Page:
"Wolf Pack" sex abuse culprits freed on bail in Spain

by Reuters
Thursday, 21 June 2018 18:00 GMT

People take part in a protest after a Spanish court condemned five men accused of the group rape of an 18-year-old woman, in Malaga, Spain, April 26, 2018. The placard reads: "The wolf pack are us". REUTERS/Jon Nazca

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The five men were cleared of gang rape and convicted of the lesser crime of sexual abuse of a teenager in a case that provoked mass protests across Spain

(Adds details with protests in Navarra)

MADRID, June 21 (Reuters) - Five men cleared of gang raping a teenager in a case that provoked mass protests across Spain were granted on Thursday provisional release from prison, a judicial source said.

A court in the northern region of Navarra had cleared the men - who joked about the 2016 incident afterwards on a Whatsapp group called "The Wolf Pack" - of rape and convicted them of the lesser crime of sexual abuse.

The incident happened at the annual San Fermin bull-running festival in Pamplona, the capital of Navarra, and followed concern over increased reports of sex attacks at the event as well as over the mistreatment of women in general in Spain.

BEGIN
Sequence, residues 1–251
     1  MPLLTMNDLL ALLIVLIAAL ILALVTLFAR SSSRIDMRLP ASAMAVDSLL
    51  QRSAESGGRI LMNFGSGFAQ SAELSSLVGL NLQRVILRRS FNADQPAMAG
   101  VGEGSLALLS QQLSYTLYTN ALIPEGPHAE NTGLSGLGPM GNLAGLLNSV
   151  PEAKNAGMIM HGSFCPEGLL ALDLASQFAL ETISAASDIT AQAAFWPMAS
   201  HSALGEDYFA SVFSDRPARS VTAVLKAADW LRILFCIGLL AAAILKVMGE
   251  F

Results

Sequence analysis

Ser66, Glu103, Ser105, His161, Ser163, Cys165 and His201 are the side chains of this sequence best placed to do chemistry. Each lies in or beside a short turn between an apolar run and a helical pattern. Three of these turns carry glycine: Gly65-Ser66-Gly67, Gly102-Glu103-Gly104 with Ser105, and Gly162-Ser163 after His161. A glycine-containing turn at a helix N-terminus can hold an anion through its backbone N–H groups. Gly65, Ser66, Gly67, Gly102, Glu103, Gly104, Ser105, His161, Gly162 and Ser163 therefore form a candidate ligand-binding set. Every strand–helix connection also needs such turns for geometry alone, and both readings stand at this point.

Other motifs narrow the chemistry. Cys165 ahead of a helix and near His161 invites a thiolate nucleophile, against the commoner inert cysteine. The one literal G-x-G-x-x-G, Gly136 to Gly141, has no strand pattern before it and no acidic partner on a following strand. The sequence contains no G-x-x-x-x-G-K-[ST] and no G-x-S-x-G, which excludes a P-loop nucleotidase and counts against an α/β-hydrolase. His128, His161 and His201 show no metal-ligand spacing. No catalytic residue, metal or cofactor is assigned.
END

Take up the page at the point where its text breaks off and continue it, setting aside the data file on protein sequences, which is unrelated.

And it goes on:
It has also drawn international attention in the wake of the Harvey Weinstein scandal.

The judicial source said the five men would be released on bail by Friday, a move that led to renewed protests. Hundreds of demonstrators took to the streets in Pamplona, chanting "It's not abuse, it's rape".

All five, who include a former policeman and a former soldier, have to pay 6,000 euros ($6,960) in bail. The lawyer of four of the men, Agustin Martinez, told Spanish TV channel La Sexta he expected his defendants to put up their bail shortly.

The decision to release the men after almost two years in jail was based on a legal technicality. Their conviction is not yet final because prosecutors have appealed to a higher court, but under Spanish law people cannot usually be held for more than two years without a definitive sentence being handed down.

Feminist groups called for more demonstrations on Friday in Madrid against "patriarchal justice". Thousands took to the streets after the verdict was announced in April.

A spokesman for the court did not respond to requests for comment.

($1 = 0.8617 euros) (Reporting by Jesús Aguado and Isla Binnie; additional reporting by Tomás Cobos; Editing by David Stamp)

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